A commonly over looked factor is scent control. You go to great lengths to control your odors while hunting, why not do the same when hanging/checking cameras. Here are some things to consider: Touch the camera as little as possible; every fingerprint leaves a scent identifier for wild game to pick up on. One mistake most hunters have made (ourselves included) is to lean against the camera to hold it up while strapping it on. Think of all the odors you just mashed into your game camera! A good way around this is to run the strap through with the camera resting on the ground, once you have ran it through, work your camera up the tree or post to your desired height. Lastly, a quick spray of scent elimination product will go a long way. Give your hands and boots a spray before entering the woods. And after you hang/check your cameras spray the camera, strap, and tree to kill any unwanted residual odor. (Be sure to not spray the lens directly, as most scent elimination products haze while drying)
The time you check cameras is also important. We prefer to hang, check, and move cameras during mid-day; typically when wildlife movement is in its lull. By doing so your chances of bumping game are reduced. We also try to drive our trucks or ATVs as close to the camera as possible and leave it running while doing our labor. Due to the agricultural boom, most wild animals are conditioned to recognize motorized equipment as a non-threat, and by leaving your equipment running you better your chances of preforming game camera work undetected.
In Illinois, state regulations restrict us from being able to use minerals, baits, or attractants in front of our game cameras, so to maximize their potential; we move them into specific areas through out the year. We consider our pre-season to be June to August. This is when we collect inventory to create our hit list, and get a good idea of our herd’s health (doe:fawn ratio, buck:doe ratie, ect.) During this time of the year your deer are becoming very patternable to food and water sources. We put our cameras to work on clover or bean fields edges, the transition zones between them, and water sources; such as ponds or river crossings.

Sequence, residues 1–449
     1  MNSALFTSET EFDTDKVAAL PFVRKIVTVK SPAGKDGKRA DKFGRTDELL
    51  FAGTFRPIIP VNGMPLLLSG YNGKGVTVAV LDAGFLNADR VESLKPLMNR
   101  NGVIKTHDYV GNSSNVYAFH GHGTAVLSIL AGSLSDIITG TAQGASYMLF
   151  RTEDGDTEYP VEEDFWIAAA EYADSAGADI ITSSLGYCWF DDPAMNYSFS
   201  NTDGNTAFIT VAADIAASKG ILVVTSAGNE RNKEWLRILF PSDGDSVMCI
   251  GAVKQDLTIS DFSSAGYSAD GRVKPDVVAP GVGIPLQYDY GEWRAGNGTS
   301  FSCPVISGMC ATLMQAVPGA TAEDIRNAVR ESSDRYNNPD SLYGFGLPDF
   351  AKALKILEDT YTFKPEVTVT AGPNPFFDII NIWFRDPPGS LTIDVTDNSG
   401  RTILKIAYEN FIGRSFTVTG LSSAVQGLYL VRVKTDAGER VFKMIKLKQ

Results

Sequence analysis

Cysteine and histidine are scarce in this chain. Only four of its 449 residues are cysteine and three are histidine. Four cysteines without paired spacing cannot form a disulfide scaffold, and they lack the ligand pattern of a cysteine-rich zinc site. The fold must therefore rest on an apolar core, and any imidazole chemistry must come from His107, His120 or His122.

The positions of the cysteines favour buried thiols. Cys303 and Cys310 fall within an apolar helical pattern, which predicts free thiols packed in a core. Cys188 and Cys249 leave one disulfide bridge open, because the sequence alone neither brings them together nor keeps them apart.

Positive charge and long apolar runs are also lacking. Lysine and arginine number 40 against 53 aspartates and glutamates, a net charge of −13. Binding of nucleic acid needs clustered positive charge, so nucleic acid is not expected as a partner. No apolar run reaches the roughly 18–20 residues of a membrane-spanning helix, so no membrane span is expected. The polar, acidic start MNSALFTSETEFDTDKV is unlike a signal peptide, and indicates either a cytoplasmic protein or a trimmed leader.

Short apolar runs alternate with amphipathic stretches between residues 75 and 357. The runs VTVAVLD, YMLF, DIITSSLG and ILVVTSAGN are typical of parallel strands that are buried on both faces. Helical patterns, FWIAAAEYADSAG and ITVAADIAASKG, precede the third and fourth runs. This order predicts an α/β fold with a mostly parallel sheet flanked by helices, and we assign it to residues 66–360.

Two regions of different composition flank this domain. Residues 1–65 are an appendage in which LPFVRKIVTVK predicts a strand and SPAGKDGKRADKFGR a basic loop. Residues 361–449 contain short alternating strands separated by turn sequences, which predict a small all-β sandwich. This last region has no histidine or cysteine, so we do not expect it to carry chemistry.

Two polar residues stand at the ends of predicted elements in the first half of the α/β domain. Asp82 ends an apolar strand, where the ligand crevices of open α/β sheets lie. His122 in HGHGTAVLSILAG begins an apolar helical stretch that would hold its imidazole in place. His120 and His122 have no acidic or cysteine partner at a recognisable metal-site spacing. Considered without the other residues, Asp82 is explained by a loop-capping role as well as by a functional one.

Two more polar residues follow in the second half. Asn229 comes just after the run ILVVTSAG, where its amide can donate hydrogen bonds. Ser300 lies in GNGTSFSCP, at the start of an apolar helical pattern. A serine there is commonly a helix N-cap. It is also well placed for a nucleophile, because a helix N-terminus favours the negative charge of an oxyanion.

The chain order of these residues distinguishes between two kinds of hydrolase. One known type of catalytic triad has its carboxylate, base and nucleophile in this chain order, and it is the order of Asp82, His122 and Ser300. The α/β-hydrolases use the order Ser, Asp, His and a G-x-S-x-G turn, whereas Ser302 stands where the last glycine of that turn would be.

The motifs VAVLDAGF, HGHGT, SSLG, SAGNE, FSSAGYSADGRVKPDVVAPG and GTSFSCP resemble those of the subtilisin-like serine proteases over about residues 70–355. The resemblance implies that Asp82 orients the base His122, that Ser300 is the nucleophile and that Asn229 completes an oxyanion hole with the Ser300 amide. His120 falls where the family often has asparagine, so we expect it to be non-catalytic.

As the season opener approaches we move our cameras with one crucial aspect in mind: stand location. We do this for two very specific reasons. The first being, we want to know what stands are having good movement. The stands with the most movement are the ones we want to be sitting in. The other reason is ease of access to our cameras. Minimizing your footprint is key to flying under the game’s radar and the importance of slipping in and out of your hunting areas undetected is greatly higher during season. Now, you still need to utilize natural hot spots such as scrapes, rub lines, and heavy trails to your advantage, however do so keeping your stand proximity in mind. In a nutshell, by keeping your cameras close to your stand/blind locations during the heart of the season you can easily check your cameras quickly before or after the hunt and do it in a way that keeps your pressure to a minimum.
Late season can be a tough time. Keep in mind that battery life is drastically reduced due to the cold temperatures sapping your batteries longevity and wild life is on high alert due to the barrage of hunters seeking them out this season. However, since the weather is so bitterly cold the deer are keyed in the remaining food sources. Just like in pre season, put cameras around these food sources. Paths will be well worn due to concentrated traffic. Use the current weather conditions, such as fresh snow fall, to help identify these and choose good camera locations. One thing to remember is the close proximity of bedding areas to these food sources. With the timber being bare, and cover sparse your chances of spooking your quarry are increased.
The last aspect we want to cover is choosing a brand that you can trust. Moultrie Game Cameras have been leading the way in game camera industry for years. Their advanced technology, top to bottom quality, and unquestionable reliability keeps their cameras regarded as the best available. However, where they really separate themselves from all other competitors is their employees and customer service. Not only does Moultrie stand behind their product, but do so in a polite and prompt manner. Steadfast companies with grounded morals and principles are harder to come by in today society. Having the ability to dial into Moultrie and receive an American receptionist that is happy to help and willing to resolve any issue you have is a luxury hard to put a price tag on. Simply put Moultrie Game Cameras will exceed your expectations. For more information on their line of Cameras and gear visit: http://www.moultriefeeders.com
Written by: Jesse Hines & Garrett Boelkes